|Delivery service charge||0.04963||27.20|
|Merchant function administrative charge||0.00183||1.00|
|Revenue decoupling mechanism||0.00162||0.89|
|Purchased power adjustment||-||-|
|Delivery tariffs (state surcharges)|
|Temporary state assessment surcharge||0.00334||1.83|
|System benefits charge||0.00328||1.80|
|Renewable portfolio standard||0.00262||1.44|
|Total electric delivery charge||60.01|
|Market price charge (average price over 12 last months)||0.08945||49.02|
|Market price adjustment||0.0053||2.90|
|Merchant function supply charge||0.00186||1.02|
|Supply tariffs (state surcharges)|
|Total electric supply charge||57.78|
|Total electric charge||117.79|
Distribution of rates & tariffs for delivery and supply
For the typical charges just described in the table above, here is a visualization of the distribution of the utility rates, the tariffs decided by the state, for the delivery and supply portions of the bill.
Description of Rates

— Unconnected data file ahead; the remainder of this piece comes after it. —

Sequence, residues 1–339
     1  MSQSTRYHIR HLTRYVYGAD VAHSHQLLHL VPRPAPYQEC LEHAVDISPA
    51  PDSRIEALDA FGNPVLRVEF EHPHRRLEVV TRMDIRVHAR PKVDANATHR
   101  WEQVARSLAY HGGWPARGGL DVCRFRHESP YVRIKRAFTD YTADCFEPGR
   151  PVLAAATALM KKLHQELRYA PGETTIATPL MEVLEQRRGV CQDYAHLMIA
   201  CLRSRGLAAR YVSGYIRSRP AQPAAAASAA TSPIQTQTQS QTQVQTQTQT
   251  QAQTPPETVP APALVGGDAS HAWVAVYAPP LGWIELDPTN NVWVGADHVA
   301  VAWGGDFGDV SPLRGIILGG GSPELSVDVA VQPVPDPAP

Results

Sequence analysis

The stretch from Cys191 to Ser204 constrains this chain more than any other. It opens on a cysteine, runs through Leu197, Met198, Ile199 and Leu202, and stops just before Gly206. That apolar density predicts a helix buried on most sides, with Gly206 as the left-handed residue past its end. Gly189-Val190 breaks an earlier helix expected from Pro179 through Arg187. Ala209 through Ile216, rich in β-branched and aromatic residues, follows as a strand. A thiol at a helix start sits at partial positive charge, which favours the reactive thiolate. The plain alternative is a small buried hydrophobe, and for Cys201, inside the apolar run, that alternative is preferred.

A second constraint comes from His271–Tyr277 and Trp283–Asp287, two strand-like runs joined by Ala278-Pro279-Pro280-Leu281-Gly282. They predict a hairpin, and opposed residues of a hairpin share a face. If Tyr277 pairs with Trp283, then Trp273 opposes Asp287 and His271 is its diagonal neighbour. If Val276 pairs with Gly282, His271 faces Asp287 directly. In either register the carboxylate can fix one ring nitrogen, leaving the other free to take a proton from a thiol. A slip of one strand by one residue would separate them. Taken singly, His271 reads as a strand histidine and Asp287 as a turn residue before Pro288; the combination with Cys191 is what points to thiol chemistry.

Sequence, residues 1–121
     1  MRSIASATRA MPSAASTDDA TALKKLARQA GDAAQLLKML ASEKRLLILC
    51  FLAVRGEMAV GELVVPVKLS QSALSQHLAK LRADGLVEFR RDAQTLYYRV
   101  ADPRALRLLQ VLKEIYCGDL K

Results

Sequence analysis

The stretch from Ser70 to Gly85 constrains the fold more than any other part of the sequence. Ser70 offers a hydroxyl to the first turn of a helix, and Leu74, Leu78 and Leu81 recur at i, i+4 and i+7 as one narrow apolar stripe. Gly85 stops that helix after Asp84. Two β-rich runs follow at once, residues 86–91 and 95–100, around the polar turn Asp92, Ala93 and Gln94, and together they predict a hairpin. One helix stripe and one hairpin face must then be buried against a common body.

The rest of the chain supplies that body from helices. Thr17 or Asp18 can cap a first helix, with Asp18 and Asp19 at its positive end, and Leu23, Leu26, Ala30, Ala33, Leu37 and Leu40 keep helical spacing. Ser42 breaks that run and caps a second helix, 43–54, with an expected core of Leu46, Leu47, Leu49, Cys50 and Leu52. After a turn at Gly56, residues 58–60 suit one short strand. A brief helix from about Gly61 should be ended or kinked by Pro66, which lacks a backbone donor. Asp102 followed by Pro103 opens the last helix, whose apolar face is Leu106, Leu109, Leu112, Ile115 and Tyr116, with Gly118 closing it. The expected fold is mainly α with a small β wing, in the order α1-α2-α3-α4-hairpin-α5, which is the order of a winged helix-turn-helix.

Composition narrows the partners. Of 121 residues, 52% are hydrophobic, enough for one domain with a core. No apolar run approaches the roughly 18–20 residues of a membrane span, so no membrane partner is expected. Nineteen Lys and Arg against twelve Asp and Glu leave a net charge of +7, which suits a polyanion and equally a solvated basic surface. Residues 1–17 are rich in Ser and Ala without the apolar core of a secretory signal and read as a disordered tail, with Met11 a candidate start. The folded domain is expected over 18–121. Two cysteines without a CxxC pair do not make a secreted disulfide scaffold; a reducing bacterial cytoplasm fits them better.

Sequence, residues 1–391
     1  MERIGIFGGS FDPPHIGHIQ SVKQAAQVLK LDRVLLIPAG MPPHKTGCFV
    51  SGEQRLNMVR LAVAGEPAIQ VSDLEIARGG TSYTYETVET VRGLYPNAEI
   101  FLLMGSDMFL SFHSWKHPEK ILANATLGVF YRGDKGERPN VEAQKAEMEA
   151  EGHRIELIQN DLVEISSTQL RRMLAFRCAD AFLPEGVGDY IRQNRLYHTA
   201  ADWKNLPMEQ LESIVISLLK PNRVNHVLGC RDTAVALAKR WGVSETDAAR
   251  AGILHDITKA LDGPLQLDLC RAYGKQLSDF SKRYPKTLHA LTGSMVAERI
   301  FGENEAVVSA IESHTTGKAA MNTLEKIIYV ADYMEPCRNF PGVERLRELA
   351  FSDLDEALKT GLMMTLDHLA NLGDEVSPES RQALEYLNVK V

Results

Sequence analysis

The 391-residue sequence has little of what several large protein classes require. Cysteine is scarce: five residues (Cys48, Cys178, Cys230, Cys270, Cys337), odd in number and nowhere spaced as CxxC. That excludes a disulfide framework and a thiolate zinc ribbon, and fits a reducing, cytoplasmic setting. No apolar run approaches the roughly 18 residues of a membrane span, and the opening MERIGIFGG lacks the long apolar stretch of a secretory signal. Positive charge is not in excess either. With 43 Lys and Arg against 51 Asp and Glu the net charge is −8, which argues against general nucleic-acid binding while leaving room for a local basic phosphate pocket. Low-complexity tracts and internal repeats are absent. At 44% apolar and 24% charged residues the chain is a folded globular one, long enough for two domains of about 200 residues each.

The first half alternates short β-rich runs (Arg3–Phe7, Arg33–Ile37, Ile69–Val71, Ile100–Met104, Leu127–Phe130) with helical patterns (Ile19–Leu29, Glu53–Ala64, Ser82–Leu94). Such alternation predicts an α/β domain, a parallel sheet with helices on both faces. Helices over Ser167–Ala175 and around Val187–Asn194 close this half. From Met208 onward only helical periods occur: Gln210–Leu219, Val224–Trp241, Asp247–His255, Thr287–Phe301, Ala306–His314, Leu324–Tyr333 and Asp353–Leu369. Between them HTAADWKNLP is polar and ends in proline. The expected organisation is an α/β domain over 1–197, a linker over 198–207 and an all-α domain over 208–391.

Rates: rates are fixed by the utility company, Central Hudson here. They are what the utility charges you for the delivery and supply of electricity, and the related adjustment charges. Rates are divided firstly between electric rates, and gas rates. Then, they are separated between delivery rates and supply rates.
Delivery rates are the charges per kWh which pay for the transportation of the electricity or gas from the source to your home.
- Basic Service Charge: a fixed amount you pay every month regardless of how much you consume every month, for your account to be active. This pays for fixed cost maintenance as well as reading your meter on a regular basis.
- Delivery Service Charge: an amount proportional to how much electricity you used. Pays for delivering the electricity from the point of production to your house.
- Electric Bill Credit (EBC): this charge is a credit (money paid to you) and does not exist anymore. This credit existed to reimburse customers various deferred balances in 2011 and 2012.
- Merchant function administrative charge: the MFC is usually a supply charge, but Central Hudson has created an administrative MFC, which goes in the delivery section of your bill.